As Sudan’s war rages, the country’s health system is on the verge of collapse.


LONDON — When a power outage shut down the Ibrahim Malik Teaching Hospital where Dr. Muhammad Karrar worked, he packed a bag of whatever medical supplies and medicine he could carry.

“I posted on Twitter that I’m an emergency doctor in Al Mamura and anyone who needs me for free anytime and with my phone number,” Karrar said.

The doctor is one of many Sudanese medical professionals working in the neighboring primary health care centers. Continuous conflict In Sudan, rival forces are fighting for control of the country. A ceasefire that could end the bloody conflict They stopped.. Karar’s parents call him from the safety of a village in South Sudan every day.

“They worry about me. But I’ve studied for years to do this,” he told ABC. “I feel like I can’t just leave those sick and wounded people to die.”

Sudan information Doctor’s Association It suggests that 70 percent of health care services do not work due to lack of supply, staffing, and accessibility. 21 hospitals were forcibly evacuated by militants. And 17 hospitals were bombed in the air or on the ground, and nine ambulances were attacked. A Video Eyewitness footage on May 15 shows smoke rising from East Nile Hospital in Bahri Khartoum.

“It is no longer a problem for patients or health care providers to get to hospitals,” said Dr. Yasir Elamine, president of the Sudan American Physicians Association, which supports health care facilities nationwide.

The civilian death toll rose to 866, with 3,721 injured, the coalition said. Elamine said, speaking to ABC News from Houston, Texas.

Poor health infrastructure

“Before the war, the health infrastructure was weak,” Elamine said. “About 80% of health care services in Sudan are in Khartoum. And right now, Khartoum is actually one of two war zones. The other is West Darfur. So paralyzing health services in Khartoum means paralyzing health services in Sudan.”

SAPA has more than 200 volunteers who provide telemedicine consultations 24 hours a day. The challenge is when you talk to people who have been seriously injured in the war because you can’t just say go to the hospital, Elamine says.

“Most Sudanese would not have regular internet access, so the poorest people would not be able to benefit from this service,” he said.

“We know that there was a huge disparity in service delivery across the country, rural versus urban, access to diversity, as well as people’s socioeconomic status,” said Kate Nolan, deputy director of Operation Medicine San Frontieres. .

Some of the worst of the war is centered on impoverished West Darfur. Last week, the Sudanese Doctors Union announced that more than 280 civilians had died in just two days. MSF has been forced to clamp down on almost all activities in the region.

Photos taken at the MSF-funded West Darfur Genina Teaching Hospital show looting at the facility. Hospital beds are seen without mattresses. Cabinets are empty. Medicine boxes are stuck.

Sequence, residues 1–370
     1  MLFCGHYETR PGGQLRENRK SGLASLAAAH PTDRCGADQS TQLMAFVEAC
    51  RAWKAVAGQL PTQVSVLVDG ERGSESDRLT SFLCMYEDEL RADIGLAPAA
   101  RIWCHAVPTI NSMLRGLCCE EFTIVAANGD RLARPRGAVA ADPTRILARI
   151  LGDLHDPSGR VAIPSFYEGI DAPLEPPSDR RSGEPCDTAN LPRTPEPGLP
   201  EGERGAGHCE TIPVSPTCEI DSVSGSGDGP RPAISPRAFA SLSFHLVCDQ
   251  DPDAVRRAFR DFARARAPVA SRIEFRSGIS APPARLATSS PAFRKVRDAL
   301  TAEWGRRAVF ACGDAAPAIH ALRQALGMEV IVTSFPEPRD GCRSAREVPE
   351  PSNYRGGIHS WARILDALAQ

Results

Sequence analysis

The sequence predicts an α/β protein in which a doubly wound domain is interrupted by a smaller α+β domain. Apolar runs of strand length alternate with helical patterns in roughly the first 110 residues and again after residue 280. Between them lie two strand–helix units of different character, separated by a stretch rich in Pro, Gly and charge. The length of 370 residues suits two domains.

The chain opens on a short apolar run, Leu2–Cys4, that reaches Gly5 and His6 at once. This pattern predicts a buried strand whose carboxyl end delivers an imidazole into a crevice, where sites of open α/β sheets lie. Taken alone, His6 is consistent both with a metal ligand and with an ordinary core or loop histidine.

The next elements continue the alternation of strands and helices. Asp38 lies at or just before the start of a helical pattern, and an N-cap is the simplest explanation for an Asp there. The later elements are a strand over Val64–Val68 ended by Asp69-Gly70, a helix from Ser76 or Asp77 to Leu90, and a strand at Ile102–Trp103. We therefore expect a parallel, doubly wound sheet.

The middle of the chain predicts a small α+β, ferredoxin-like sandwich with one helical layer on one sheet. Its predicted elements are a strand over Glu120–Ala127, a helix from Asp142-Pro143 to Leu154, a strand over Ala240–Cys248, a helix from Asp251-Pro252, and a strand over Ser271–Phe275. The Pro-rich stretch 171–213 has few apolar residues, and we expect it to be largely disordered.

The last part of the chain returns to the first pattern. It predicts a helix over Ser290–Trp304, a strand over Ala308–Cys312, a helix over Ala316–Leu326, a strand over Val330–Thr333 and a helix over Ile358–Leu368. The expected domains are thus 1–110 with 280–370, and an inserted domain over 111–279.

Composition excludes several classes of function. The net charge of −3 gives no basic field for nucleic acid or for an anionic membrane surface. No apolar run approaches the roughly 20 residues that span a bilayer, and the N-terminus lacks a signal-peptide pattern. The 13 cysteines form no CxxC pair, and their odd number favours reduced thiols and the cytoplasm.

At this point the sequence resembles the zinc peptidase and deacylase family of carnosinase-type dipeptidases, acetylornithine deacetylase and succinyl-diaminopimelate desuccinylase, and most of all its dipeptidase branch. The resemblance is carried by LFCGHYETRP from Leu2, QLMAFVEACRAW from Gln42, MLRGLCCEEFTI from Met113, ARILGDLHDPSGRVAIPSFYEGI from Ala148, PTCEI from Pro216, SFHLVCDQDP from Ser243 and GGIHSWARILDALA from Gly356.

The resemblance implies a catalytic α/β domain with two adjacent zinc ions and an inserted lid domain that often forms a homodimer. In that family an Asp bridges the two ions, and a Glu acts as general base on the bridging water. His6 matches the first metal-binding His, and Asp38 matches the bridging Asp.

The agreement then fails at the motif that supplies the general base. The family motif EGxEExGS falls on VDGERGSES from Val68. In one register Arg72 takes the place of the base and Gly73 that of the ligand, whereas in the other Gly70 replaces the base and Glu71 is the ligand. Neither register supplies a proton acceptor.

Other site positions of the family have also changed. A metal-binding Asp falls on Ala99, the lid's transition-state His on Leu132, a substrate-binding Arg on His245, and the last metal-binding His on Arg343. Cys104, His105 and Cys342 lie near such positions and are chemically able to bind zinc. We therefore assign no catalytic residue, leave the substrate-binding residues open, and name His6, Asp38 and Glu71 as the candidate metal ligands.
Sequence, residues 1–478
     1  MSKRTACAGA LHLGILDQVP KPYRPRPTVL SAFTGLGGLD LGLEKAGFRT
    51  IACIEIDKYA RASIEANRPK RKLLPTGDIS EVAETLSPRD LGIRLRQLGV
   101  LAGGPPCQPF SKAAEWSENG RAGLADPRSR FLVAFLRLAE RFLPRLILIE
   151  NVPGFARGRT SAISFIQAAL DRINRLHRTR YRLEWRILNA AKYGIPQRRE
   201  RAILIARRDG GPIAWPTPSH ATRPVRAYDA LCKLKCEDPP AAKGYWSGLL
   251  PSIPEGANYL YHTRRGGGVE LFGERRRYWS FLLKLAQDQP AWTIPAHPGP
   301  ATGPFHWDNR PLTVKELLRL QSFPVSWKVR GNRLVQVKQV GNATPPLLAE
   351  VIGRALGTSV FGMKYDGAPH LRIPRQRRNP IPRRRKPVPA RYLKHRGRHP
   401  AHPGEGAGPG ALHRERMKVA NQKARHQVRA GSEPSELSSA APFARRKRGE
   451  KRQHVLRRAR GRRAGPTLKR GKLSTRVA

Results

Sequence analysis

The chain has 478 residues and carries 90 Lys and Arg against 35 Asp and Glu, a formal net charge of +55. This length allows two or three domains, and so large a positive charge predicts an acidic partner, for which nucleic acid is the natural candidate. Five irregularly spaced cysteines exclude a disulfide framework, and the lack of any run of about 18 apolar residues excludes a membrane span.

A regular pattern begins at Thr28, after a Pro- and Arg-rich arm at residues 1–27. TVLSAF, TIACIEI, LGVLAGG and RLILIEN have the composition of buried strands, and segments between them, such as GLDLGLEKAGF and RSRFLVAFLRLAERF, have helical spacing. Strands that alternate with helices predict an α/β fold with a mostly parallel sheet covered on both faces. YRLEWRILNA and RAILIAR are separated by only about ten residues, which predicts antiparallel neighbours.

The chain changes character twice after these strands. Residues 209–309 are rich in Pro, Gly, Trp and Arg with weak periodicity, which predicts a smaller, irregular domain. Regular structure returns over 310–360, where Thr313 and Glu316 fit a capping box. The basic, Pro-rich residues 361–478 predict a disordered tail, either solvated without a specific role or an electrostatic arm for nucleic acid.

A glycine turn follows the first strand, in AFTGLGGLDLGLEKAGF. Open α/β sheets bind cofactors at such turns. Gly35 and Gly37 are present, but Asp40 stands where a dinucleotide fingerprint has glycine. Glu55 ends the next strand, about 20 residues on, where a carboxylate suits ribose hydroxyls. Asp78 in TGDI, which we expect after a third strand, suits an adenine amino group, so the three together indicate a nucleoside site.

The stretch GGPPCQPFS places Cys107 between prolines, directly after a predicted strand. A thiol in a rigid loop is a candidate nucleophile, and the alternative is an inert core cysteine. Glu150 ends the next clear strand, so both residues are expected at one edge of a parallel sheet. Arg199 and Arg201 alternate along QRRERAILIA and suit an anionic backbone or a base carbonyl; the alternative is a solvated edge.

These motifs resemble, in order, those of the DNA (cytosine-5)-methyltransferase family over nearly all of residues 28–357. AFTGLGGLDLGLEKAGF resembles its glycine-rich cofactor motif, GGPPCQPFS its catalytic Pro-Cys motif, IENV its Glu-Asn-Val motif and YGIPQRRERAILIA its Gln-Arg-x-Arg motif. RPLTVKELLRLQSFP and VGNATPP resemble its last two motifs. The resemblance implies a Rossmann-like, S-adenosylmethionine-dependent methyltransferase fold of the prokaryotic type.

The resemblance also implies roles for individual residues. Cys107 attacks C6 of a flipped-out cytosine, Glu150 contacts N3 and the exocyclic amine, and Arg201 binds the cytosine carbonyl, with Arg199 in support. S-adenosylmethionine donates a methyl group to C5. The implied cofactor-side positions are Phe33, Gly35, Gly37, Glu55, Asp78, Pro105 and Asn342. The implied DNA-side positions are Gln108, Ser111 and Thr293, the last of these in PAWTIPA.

“After the looting of our medical warehouse in Khartoum, the fridges were removed and medicines were removed,” said Jean-Nicolas Armstrong Dangelzer, MSF’s emergency coordinator in Sudan. press release. “The whole cold chain is broken so the drugs are spoiled and can’t be used to treat anyone.”

Getting aid to desperate civilians in West and South Darfur from Port Sudan remains a ‘huge challenge’ with no clear solution, MSF and SAPA said.

Defense Committees

A WhatsApp group reviewed by ABC News, which counts health sector workers from the Al Mamoura neighborhood as members, is used to share logistical and medical advice, called “Central Emergency Unit”.

Elamine says the Sudanese uprising has seen the rise of so-called “resistance committees” in the neighborhoods. They have been playing a vital role in strengthening communication in communities.

Clinics are using social media to transport people to hospitals, identify patients, reunite them with families, and even bury them.

“A colleague of mine told me about his uncle who was killed with his son in the car. Someone took a picture of them on their mobile phone, and the family was looking for them for four or five days,” Elamine said.

The photos were shared online and the family was finally able to bury the bodies, he said.

Threat to medical personnel

It’s a daily struggle while civil opposition committees are plugging the gaps. Elamine said he did not know how long his colleagues in Sudan could continue. Heavy fighting continues in Khartoum, despite repeated declarations of a ceasefire aimed at ensuring humanitarian access.

In a recent situation report, the Sudanese Medical Staff Association condemned the “severe attacks on facilities, medical staff and civilian volunteers.”

“I’m worried that someone will know that I’m a doctor,” said Dr. Noah Madini, who could not go to the Elrazee hospital where he works, in a troubled area of ​​Khartoum.

This was told by several doctors ABC News spoke to in Sudan. They said they would hide their IDs and control entry to hospitals.

In a graphic video shown by ABC News, Karrar, a primary care physician, filmed inside the abandoned Al Raqi Hospital in Khartoum. A video from April 21 shows military boots and bloodstains inside the evacuation facility. Hospital services are still suspended.

“When we arrived it was empty and there was blood on the floor in the emergency room, bodies of soldiers and civilians lying on the floor and on trolleys,” he said. He was told by his crew that he had been picked up by the Rapid Support Force, one of the two rival gangs. Struggle to control Sudan. Karrar said doctors were forcefully treating the injured soldiers.

“Every day we live the worst days of our lives. We see death in front of our eyes, our families are very scared,” Madini said.

ABC News’ Ayat Al-Tawi contributed to this report.


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